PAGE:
For this process to work, you need a method of identifying gaps between values and behaviors. One way is to describe what the current situation is and what you want the desired situation to be, and to document action steps for making the change. Let me share an example from our own company.

We used to have a conflict at the end of each month among our sales, accounting, and shipping departments. One day, we brought representatives from each department together to discuss the issue in a fact-finding meeting. What we learned was very interesting.

The cause of the problem was a compensation policy stating that a sale couldn’t be credited to a sales person’s goal until the product had been shipped and billed. Since every sales person received bonuses based on monthly performance, they wanted every order fulfilled by the last day of the month—even the last-minute orders. This put extreme pressure on the shipping and accounting departments. In fact, in some cases people in those departments were working twelve-hour days at month end.

When everybody put the issues and their personal perspectives on the table and began to work on solutions, it actually became quite easy to eliminate the pressure caused by this policy. The group worked together to develop a new solution for dealing with the end-of-the-month workload crunch. And our corporate values provided the framework for the team to work together when solving the issue.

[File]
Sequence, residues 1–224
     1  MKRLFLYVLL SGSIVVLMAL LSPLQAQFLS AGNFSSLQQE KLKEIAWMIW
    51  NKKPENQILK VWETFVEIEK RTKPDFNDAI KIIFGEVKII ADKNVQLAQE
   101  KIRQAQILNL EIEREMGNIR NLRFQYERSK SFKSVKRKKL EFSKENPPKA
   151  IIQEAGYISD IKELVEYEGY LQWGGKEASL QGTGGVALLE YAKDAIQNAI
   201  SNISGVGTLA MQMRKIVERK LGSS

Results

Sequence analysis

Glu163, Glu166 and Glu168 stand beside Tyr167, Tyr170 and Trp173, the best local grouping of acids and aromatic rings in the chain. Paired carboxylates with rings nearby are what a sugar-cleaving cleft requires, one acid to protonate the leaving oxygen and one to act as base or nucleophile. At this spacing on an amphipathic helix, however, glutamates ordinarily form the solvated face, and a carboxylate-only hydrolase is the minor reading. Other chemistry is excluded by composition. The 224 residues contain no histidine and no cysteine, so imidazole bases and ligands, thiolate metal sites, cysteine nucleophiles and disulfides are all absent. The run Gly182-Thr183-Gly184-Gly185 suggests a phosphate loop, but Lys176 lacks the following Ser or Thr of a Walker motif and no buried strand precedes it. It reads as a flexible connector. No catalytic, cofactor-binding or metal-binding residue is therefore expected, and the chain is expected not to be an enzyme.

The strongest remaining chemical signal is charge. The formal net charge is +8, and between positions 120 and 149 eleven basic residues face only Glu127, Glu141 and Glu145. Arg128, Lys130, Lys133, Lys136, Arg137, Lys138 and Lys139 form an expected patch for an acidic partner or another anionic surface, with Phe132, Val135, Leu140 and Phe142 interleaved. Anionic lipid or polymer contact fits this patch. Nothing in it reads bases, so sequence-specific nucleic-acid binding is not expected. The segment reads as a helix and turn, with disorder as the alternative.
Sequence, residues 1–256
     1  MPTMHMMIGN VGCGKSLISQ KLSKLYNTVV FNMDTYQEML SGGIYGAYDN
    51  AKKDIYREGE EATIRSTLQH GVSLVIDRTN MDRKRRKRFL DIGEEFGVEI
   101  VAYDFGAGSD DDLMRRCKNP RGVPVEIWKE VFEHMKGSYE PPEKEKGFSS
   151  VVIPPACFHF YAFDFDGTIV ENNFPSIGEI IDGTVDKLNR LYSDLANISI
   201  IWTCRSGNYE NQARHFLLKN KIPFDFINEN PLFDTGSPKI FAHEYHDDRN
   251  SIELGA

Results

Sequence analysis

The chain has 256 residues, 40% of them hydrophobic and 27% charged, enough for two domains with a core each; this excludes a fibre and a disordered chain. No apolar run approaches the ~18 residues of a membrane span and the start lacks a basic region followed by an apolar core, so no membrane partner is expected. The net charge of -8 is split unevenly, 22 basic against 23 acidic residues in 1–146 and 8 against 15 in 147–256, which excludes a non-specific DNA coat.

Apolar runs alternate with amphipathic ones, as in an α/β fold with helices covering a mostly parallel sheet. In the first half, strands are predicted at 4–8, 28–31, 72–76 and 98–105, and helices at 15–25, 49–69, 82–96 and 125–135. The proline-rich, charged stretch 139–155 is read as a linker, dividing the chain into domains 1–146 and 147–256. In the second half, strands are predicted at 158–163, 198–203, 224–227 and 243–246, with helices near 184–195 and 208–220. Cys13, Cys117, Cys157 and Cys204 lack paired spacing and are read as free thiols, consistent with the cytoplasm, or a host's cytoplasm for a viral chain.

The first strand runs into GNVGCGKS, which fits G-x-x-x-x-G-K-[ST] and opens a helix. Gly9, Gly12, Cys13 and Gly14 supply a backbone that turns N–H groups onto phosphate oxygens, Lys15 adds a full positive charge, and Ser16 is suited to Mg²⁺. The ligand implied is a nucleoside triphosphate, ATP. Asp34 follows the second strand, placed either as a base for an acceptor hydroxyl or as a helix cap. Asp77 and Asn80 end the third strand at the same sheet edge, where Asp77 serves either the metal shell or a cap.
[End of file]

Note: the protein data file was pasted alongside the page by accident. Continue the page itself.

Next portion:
It would have been easy to continue to recognize the revenue at the expense of the people. However, Relationships was a corporate value—and making some people work twelve-hour days wasn’t honoring that value. Our leaders and teams walked their talk and restructured the process to honor both regular working hours and sales goals. The solution recognized the importance of both people and results.

Ignoring this issue would have put corporate values at risk—but using the values to solve the problem fortified their importance.

Think about situations that need to be improved in your organization. Then use your values to drive conversations and do the right thing. Leading by values is a continuous journey—and it is never too late to start walking your talk.

What Are You Thankful For?

I love Thanksgiving. It is one of my favorite holidays because the focus is on being thankful. I like to say, “Life is a very special occasion—don’t miss it.” Part of that is being thankful for the blessings you have. It doesn’t mean that there aren’t troubles along the way but we need to be thankful that we have another day to share, and be with people, and maybe make a difference.

So this week, reach out to the people you care about and love. I’m wishing you all the very best and I’m thankful that we all have an opportunity to make a difference in the world. Have a wonderful holiday. Recognize how blessed you are and reach out to the people you love and who love you.  Take care.